Vice-president’s public remarks show continued strain between the countries in the wake of Iranian nuclear deal
US vice-president Joe Biden during his visit to Jerusalem in March
The US vice-president, Joe Biden, has delivered an unusually sharp critique of the government of Binyamin Netanyahu, saying the Israeli prime minister is leading Israel in the wrong direction through his policies, including settlement building.
Biden described the Obama administration’s “overwhelming frustration” with Israel, adding that “profound questions” existed about how the country could remain both Jewish and democratic.
Although Biden’s comments, made in a speech to the Jewish American group J-Street, also criticised Palestinians for the failure of the last round of Middle East peace talks, his remarks about the Netanyahu government were particularly pointed.
“I firmly believe that the actions that Israel’s government has taken over the past several years – the steady and systematic expansion of settlements, the legalisation of outposts, land seizures – they’re moving us and more importantly they’re moving Israel in the wrong direction,” Biden said.
His remarks appear to have scotched the notion that relations between Israel and its most significant backer – which have been unusually strained – were returning to normal after the deep frictions over the Iran nuclear deal.
Biden insisted, however, that the US remained committed to Israel’s security.
“No matter what political disagreements we have with Israel – and we do have political disagreements now – there is never any question about our commitment to Israel’s security.”
Biden’s comments will concern senior Israeli politicians. They have been fretting over what stance the US might take over a mooted resolution at the UN security council, being pushed by Palestinians, seeking to condemn Israel’s continued construction of illegal settlements.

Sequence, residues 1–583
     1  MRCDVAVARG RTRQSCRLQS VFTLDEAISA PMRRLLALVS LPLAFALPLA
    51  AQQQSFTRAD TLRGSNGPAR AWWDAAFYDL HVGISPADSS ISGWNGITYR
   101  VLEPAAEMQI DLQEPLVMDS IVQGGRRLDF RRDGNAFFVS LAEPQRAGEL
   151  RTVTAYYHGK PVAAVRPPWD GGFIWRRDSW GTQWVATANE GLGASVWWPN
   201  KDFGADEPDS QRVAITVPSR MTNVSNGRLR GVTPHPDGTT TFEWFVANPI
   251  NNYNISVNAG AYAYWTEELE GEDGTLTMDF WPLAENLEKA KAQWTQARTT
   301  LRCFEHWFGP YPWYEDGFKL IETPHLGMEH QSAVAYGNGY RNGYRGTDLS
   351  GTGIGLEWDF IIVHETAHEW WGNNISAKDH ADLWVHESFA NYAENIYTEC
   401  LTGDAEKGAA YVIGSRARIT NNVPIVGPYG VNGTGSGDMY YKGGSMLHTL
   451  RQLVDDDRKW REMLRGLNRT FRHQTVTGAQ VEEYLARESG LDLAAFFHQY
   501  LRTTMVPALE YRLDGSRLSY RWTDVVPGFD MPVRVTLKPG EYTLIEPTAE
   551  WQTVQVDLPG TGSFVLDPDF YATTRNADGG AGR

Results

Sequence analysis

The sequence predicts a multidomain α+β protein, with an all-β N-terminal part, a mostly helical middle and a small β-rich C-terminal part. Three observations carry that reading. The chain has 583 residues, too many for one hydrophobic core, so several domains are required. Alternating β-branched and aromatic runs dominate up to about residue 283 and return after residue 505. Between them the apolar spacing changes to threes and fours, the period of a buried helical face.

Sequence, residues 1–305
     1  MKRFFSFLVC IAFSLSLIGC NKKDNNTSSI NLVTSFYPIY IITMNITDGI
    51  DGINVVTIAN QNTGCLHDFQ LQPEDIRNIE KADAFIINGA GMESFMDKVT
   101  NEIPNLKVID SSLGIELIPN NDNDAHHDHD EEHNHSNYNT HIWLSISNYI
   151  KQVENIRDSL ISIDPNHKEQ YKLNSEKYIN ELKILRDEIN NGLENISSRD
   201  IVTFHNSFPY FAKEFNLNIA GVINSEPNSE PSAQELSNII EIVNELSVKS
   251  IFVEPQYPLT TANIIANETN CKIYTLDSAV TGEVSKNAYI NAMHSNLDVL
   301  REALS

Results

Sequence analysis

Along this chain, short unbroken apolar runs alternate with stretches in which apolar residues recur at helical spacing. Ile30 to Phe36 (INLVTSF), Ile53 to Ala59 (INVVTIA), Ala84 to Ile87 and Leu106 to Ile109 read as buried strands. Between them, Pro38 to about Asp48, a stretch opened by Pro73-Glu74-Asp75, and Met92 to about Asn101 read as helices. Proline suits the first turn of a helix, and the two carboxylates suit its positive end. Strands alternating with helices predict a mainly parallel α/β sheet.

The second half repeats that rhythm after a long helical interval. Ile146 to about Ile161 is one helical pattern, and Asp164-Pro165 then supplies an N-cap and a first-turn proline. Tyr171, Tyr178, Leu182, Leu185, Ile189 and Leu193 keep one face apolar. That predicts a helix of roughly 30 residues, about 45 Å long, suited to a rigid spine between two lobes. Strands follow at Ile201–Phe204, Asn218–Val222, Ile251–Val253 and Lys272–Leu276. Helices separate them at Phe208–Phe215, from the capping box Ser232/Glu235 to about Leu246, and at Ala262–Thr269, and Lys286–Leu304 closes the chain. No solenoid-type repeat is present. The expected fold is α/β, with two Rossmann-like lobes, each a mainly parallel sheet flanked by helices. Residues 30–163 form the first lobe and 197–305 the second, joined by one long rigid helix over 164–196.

Although Biden’s remarks echoed both public and private comments in recent months made by senior American officials, their high-profile nature is significant, not least because they come in the midst of stalled negotiations between the US and Israel over a military aid package with demands from Israel for more aid than the US is willing to give.
“Israel will not get everything it asks for, but it will get every single solitary thing it needs,” Biden remarked.
The US vice-president also added his voice to the increasing number of international figures warning that Israelis and Palestinians were heading towards a “dangerous” one-state “reality” – and the effective death of a two-state solution.
In March, Biden met both Netanyahu and the Palestinian president, Mahmoud Abbas. He said he came away from that trip discouraged about prospects for peace anytime soon, adding it was the US’s obligation to “push … as hard as we can” towards a two-state solution despite “our sometimes overwhelming frustration with the Israeli government”.
Biden added: “There is at the moment no political will that I observed from either Israelis or Palestinians to go forward with serious negotiations".
“Both sides have to take responsibility for counterproductive steps that undermine confidence in negotiations.”
Biden also singled out Palestinian leaders, including Abbas, for declining to condemn specific acts of terrorism carried out against Israelis, in a nod to the seven-month wave of Palestinian stabbings and other attacks. He said he didn’t know whether Monday’s bus explosion in Jerusalem was a terrorist attack, but added that the US condemns “misguided cowards” who resort to violence.
“No matter what legitimate disagreements the Palestinian people have with Israel, there is never justification for terrorism,” Biden said. “No leader should fail to condemn as terrorists those who commit such brutalities.”